by Daniel Pham
Let’s delve into the technical aspects of blockchain and examine the fundamental elements of Trust in more detail.
Public-Key Cryptography & Hashing
1. Symmetric key
Symmetric key encryption, also known as a shared key, uses the same key for both encryption and decryption processes.
In a decentralized blockchain network, symmetric key encryption faces two significant issues:
- It is vulnerable to key derivation, where the secret key can be obtained from the encrypted data.
- Key distribution becomes a challenge, as securely passing the key to participating entities is not straightforward.
2. Public-key cryptography
To address these issues, public-key cryptography (asymmetric cryptography) is employed. It utilizes two distinct keys: a public key, which is openly shared, and a private key, which is kept secure.
In both Bitcoin and Ethereum blockchains, the Elliptic Curve Cryptography (ECC) family of algorithms is used to generate key pairs. ECC is considered stronger than RSA for a given number of bits. Interestingly, a 256-bit ECC key pair is equivalent in strength to approximately a 3072-bit RSA key pair.
A hash function, or hashing, transforms an input data value of arbitrary length into a unique fixed-length value.
Two fundamental requirements of a hash function are as follows:
- The chosen algorithm should be a one-way function, meaning it is computationally infeasible to reverse-engineer the original input from the hash output.
- It should demonstrate a minimal probability of collision, ensuring that two different inputs do not produce the same hash value.
In Ethereum, various hashing functions play essential roles in generating account addresses, digital signatures, transaction hashes, state hashes, receipt hashes, and block header hashes. Popular algorithms like SHA-3, SHA-256, and Keccak-256 are commonly employed for hash generation in blockchains.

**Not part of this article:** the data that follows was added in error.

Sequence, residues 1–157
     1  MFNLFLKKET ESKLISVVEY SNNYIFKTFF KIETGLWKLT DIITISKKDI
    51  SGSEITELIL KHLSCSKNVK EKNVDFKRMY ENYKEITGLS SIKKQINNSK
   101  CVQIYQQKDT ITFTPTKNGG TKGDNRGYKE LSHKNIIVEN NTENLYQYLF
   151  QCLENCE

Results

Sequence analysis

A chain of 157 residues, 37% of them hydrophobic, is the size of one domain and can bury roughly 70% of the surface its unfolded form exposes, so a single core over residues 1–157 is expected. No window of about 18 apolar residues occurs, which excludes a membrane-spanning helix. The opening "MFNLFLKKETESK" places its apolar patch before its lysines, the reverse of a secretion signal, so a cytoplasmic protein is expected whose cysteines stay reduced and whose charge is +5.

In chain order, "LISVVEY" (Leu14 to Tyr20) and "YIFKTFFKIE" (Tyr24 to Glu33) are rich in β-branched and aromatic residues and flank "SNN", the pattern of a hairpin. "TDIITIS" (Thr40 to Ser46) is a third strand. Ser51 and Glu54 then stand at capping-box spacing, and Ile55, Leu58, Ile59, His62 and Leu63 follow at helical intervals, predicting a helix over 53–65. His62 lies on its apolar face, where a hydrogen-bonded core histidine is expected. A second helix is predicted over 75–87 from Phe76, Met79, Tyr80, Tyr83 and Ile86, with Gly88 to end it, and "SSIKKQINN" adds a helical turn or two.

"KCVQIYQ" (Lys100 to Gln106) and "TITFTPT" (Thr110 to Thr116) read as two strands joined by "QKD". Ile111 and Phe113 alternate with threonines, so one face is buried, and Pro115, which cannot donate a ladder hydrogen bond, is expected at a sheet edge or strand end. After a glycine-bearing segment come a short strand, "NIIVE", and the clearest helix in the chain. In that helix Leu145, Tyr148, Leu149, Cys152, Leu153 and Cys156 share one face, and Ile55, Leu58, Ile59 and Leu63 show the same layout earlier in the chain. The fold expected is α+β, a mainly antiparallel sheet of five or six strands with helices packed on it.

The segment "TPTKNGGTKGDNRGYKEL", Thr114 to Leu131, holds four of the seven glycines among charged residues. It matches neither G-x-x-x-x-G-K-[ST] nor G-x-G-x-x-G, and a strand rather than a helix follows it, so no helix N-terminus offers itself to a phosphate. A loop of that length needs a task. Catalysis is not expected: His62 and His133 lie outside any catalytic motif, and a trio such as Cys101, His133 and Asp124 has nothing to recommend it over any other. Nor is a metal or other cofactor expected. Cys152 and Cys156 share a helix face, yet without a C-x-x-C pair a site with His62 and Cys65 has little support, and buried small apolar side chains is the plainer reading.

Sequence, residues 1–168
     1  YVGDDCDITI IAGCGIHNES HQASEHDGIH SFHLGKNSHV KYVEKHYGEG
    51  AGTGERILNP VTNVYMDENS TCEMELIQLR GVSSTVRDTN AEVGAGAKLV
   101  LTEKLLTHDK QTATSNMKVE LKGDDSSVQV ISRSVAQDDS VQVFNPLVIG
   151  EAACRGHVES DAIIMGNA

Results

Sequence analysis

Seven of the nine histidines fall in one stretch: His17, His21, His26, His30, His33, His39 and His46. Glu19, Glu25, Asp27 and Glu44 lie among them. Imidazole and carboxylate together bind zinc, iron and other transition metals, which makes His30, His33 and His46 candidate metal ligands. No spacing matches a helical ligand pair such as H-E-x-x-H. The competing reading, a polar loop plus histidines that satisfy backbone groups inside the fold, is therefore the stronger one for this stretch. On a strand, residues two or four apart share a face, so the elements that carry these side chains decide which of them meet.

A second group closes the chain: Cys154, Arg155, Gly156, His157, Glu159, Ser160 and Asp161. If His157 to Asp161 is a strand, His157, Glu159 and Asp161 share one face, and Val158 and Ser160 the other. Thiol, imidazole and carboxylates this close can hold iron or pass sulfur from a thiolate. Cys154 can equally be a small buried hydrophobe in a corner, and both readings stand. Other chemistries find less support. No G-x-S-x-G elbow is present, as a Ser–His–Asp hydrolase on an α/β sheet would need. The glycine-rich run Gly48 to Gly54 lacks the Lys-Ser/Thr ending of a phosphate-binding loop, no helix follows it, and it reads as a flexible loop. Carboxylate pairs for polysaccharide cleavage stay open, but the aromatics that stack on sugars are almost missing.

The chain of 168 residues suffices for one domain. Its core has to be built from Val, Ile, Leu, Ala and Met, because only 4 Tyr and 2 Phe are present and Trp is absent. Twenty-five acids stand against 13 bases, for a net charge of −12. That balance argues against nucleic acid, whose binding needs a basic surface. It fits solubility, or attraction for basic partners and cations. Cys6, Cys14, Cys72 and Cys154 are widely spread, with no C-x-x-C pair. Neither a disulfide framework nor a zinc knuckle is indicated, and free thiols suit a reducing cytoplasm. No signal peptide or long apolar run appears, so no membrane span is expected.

When hashing a fixed number of items, such as those found in a block header, and verifying the overall integrity of the block, a simple hash function is used.
However, when the number of items varies between blocks, such as the number of transactions, states, or receipts, a tree structure, specifically a Merkle tree, is employed to compute the hash efficiently.
Transaction Integrity & Securing blockchain
To ensure the integrity of transactions within a decentralized network, several measures are needed:
- Establishing a unique account address: A standardized method is employed to uniquely identify participants in the decentralized network.
- Authorization through digital signing: The sender of a transaction provides authorization by digitally signing it.
- Content verification: To ensure that the content of a transaction remains unaltered, a combination of hashing and public key cryptography is utilized.
In the Ethereum blockchain, Merkle tree hash is employed for computing the state root hash. This is particularly useful as it only requires recomputing the hash of chained states when transitioning from one block to another.
Each state change triggers the re-computation of the state root hash, ensuring the accuracy and consistency of the blockchain’s state.
The block hash in Ethereum is calculated by first computing the state root hash, followed by the transaction root hash, and finally the receipt root hash. These three components are essential for forming the block hash, which is located at the bottom of the block header.
The block hash serves two crucial purposes:
- Verification of block and transaction integrity: By comparing the calculated block hash with the stored block hash, the integrity of the entire block, including its transactions, can be confirmed.
- Formation of chain links: The previous block’s hash is embedded in the current block header, creating a chain of blocks.
Decentrialized system & Consensus protocol
Trust in decentrialized system
In a decentralized blockchain, establishing trust involves ensuring the security, validation, verification, and availability of resources necessary for executing transactions.